As a DBA, establishing a reasonable backup schedule for your databases can be a challenging project. It requires you to balance two competing demands: the need to take image copy backups frequently enough to assure reasonable recovery time, and the need to not interrupt daily business. The DBA must be capable of balancing these two objectives based on usage criteria and the capabilities of the DBMS.
Not all data is created equal. Some of your databases and tables contain data that is necessary for the core of your business. Other database objects contain data that is less critical or easily derived from other sources. Before you can set up a viable backup strategy and schedule, you will need to analyze your databases and data to determine their nature and value to the business. To do so, answer the following questions for each database object.
• How much daily activity occurs against the data?
• How often does the data change?
• How critical is the data to the business?
• Can the data be re-created easily?
• What kind of access do the users need? Is 24/7 access required?
• What is the cost of not having the data available during a recovery? What is the dollar value associated with each minute of downtime?
It can be helpful to grade each database object in terms of its criticality and volatility. This can be accomplished using the grid shown in Figure 1. The vertical axis represents a criticality continuum that ranges from easily replaceable data to data that cannot be easily replaced. The horizontal axis represents a volatility continuum that ranges from static data that changes infrequently to volatile data that changes frequently. Use this grid to diagram each database object by estimating its relative volatility and importance to the organization. Remember, these terms are somewhat vague; you will need to analyze your data and define it along the axes based on your knowledge of the data and your organization.
Once you have charted your database objects, you can use the diagram as a general indicator of how frequently each database object should be backed up. The DBA in charge of each application must develop the backup thresholds for each different type of data, as suggested by the grid. In general, critical data should be backed up more frequently than noncritical data, and volatile data should be backed up more frequently than static data. The key, however, is how you define the term “frequently.” For example, 1,000 updates per day might be frequent at some shops, whereas 50,000 updates per day might be infrequent at other shops. The DBA uses the grid to determine an appropriate backup schedule for each database object. The method of backup is also affected by user access needs.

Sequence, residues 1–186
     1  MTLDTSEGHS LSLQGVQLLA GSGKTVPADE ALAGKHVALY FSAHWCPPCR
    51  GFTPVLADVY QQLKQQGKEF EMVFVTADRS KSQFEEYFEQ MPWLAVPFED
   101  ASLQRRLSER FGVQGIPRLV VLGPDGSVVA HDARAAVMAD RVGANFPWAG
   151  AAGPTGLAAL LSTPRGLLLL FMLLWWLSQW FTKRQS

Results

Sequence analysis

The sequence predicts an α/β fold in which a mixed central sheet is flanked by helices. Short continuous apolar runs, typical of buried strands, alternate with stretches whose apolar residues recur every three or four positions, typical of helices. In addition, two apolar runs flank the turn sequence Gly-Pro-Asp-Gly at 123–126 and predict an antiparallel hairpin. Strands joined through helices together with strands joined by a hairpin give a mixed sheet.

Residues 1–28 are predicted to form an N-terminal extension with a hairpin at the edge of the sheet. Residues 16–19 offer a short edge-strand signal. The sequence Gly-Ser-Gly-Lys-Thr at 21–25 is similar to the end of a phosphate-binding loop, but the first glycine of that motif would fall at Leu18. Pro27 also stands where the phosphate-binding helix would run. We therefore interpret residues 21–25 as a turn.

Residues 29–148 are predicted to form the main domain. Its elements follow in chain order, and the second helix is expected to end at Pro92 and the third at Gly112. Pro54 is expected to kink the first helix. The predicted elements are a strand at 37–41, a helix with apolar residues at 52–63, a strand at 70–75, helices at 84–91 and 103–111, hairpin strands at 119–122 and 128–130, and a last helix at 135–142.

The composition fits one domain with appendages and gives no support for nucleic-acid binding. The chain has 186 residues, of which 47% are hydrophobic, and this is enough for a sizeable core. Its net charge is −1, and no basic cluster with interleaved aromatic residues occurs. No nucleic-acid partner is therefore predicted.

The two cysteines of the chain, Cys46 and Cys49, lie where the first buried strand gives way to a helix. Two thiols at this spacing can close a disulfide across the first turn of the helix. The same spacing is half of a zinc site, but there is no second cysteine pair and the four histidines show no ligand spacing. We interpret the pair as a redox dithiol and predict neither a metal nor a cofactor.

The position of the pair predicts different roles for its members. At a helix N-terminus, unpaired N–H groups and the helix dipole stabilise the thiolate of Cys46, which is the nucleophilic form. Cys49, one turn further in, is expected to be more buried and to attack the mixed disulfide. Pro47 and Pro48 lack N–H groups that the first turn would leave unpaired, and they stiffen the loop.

Quadrant 1 on the grid identifies the critical/dynamic data in the organization. This data is crucial to your business and it changes rapidly. As such, you must be able to recover it quickly, so you should copy it frequently. As a rule of thumb, the data should be backed up at least on a daily basis. If more than 20% of the data changes daily, be sure to make full rather than incremental backups.
Quadrant 2 represents critical but static data. Even though the data changes little from day to day, you will need to recover the data promptly in the event of an error because it is critical to the business. Be sure to back up this data at least weekly. Consider using incremental backups that are merged immediately upon completion to minimize the work required during a recovery.
Quadrant 3 represents volatile data that is not as vital to your business. You may be able to recreate the data if it becomes corrupted. Depending on the amount of data and the volume of change, you might not even back it up at all. For small amounts of data, a printed report may suffice as a backup. If the data fails, you could simply re-enter it from the printed report. Alternatively, if data is re-created nightly in a batch job, you could simply run the batch job to refresh the data. As a DBA, you will need to ensure that the data can be re-created or copied on a regular basis. In general, more than a weekly backup for quadrant 3 data is likely to be overkill.
Quadrant 4 represents static, noncritical data. Such data does not change much and can be replaced easily. It is the least important data and should be addressed only when data in the other three quadrants have been adequately backed up. In fact, quadrant 4 data may never need to be backed up—the DBA could take a similar approach to that described for quadrant 3.